Shock in financial circles at how FitzPatrick could have hidden loans for eight years
ANALYSIS:THE BANKING sector is the recidivist criminal of Irish public life, yet there were a lot of people shocked yesterday by the news of Seán FitzPatrick and his efforts over an eight-year period to hide substantial loans he had from his own bank.
"Directors' loans are a very fundamental thing with banks because they are at the core of finding out the relationship between the executives and the bank," said one senior banker.
"This isn't a simple issue to do with the presentation of the balance sheet."
"Inappropriate", the word used by Mr FitzPatrick in his statement on Thursday concerning his actions, was not sufficiently strong to describe what had occurred, in the source's view.
The use of the word inappropriate also rankled with a banking academic who did not wish to be named. "If you have a moral compass at all you know it's just wrong, wrong, wrong."
He said loans to connected parties and loans to dominant figures within banks were two of the four main reasons cited in academic literature for banking collapses.
He expected more such scandals to emerge as the Irish banking crisis deepens.
The other two reasons for collapses were treasury problems and lending to overheated property markets.
A senior business figure and a friend of Mr FitzPatrick's was of the view that what had happened at Anglo Irish Bank could not occur in say Bank of Ireland or AIB. Anglo's culture of being "deal facilitators" might be one explanation for what occurred, he said, as might be the respect staff in Anglo have for Mr FitzPatrick.
However, others were not so sure. "If this could occur over such a period of time in Anglo then it does raise the question as to whether it could happen elsewhere," said a public sector source.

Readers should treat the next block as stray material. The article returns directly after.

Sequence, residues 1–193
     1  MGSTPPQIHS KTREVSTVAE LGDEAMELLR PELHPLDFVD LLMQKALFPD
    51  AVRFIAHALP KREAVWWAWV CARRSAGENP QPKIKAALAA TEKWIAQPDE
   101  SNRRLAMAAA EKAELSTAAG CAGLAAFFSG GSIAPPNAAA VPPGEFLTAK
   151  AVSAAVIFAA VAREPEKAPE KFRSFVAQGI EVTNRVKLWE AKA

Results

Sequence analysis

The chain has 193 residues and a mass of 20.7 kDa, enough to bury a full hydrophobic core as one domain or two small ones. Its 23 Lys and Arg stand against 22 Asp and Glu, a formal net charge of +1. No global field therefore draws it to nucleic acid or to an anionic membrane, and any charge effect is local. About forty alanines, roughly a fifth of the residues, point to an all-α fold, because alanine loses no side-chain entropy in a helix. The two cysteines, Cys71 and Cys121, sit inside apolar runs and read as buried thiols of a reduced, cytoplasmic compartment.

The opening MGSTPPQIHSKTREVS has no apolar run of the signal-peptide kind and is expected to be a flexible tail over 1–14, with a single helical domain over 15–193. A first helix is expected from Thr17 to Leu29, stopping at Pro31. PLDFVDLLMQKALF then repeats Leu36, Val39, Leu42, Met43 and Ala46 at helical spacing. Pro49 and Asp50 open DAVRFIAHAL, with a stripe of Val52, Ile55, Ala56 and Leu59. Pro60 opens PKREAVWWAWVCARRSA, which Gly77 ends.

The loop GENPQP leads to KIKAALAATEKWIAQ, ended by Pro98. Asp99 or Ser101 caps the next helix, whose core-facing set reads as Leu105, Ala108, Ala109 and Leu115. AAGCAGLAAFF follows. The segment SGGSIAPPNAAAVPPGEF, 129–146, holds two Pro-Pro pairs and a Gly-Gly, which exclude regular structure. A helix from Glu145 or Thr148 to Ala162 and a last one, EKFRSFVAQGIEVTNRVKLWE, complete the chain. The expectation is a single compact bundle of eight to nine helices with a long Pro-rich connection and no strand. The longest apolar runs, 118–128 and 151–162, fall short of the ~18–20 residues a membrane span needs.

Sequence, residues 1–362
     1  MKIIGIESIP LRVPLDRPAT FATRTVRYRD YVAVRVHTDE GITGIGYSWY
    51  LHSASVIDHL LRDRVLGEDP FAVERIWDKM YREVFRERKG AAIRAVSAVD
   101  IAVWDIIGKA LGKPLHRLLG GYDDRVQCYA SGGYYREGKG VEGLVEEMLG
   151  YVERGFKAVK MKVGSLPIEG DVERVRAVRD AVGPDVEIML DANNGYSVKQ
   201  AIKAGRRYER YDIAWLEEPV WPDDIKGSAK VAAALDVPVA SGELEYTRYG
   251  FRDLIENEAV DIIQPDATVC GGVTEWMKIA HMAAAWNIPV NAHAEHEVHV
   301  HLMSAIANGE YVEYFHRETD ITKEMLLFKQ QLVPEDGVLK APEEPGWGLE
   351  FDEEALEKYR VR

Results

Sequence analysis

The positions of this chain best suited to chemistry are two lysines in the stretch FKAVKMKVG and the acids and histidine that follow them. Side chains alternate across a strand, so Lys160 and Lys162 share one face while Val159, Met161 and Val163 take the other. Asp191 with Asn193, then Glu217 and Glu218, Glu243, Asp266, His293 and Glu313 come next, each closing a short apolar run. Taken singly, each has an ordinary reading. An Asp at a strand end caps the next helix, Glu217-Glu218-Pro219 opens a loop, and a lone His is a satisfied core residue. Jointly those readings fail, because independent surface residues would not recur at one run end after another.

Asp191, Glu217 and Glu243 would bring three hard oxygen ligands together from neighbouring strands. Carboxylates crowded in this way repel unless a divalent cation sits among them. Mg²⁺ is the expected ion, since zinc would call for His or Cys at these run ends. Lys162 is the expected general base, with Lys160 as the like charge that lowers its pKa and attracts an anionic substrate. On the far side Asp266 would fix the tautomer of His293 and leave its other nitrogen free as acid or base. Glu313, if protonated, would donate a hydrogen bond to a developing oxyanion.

The financial regulator, Patrick Neary, learned of the loans as far back as January of this year and, having taken legal advice, appears to have formed the view that no breach of the law was involved.
This, in turn, it would appear, meant the regulator could not apply a sanction. And the fact that the practice is neither illegal nor forbidden could be seen as making it more likely to have occurred elsewhere.
However, it is hard to see how anything other than a conspiracy could lead to such a practice remaining hidden from external auditors, and the regulator, for such an extended period of time.
Larger banks such as AIB and the Bank of Ireland have a more frequent turnover of people holding key positions, and would be less likely to agree to the move that occurred in 2004 when FitzPatrick went from being chief executive of the bank to being its chairman. For these reasons it is perhaps unlikely that such a practice could be kept hidden in larger institutions.
As for the regulator, it is unfair to blame someone for not finding out something that other people went out of their way to hide.
Ernst Young, auditors to Anglo Irish, apparently did not know what was going on. It would appear that at some point along the line information should have gone to Anglo's external auditors; the flow of information was cut off.
The problem for Mr Neary is the general view that he failed to clamp down on bank lending during the boom years, thereby contributing to the spectacular bust Ireland is currently experiencing.
That perceived basic failure is combined with a general view that too many scandalous practices have been allowed flourish within the financial sector, and that his office does not respond with sufficient robustness and independence once they come to light.
"No one would accuse our system of financial regulation of being robust, and this does not dispute that argument," said the academic source.
The damage to the regulator's reputation from this scandal is mainly caused by the fact that he first became aware of these loans in January from the books of Irish Nationwide. Nationwide temporarily harboured Mr FitzPatrick's loans so they did not feature in the year-end accounts of Anglo each year for a period of eight years.
Yet it would appear the Department of Finance was not told about the discovery until Thursday. In other words, the regulator knew about this scandal while consulting with the Minister for Finance, Brian Lenihan, about the Irish taxpayer providing guarantees for the Irish banks in September, and since then about the possible recapitalisation of the banks, and never mentioned the matter.
Thursday was the first the director of corporate enforcement, Paul Appleby, heard of the matter, and he is now giving the whole affair consideration from his law enforcement point of view.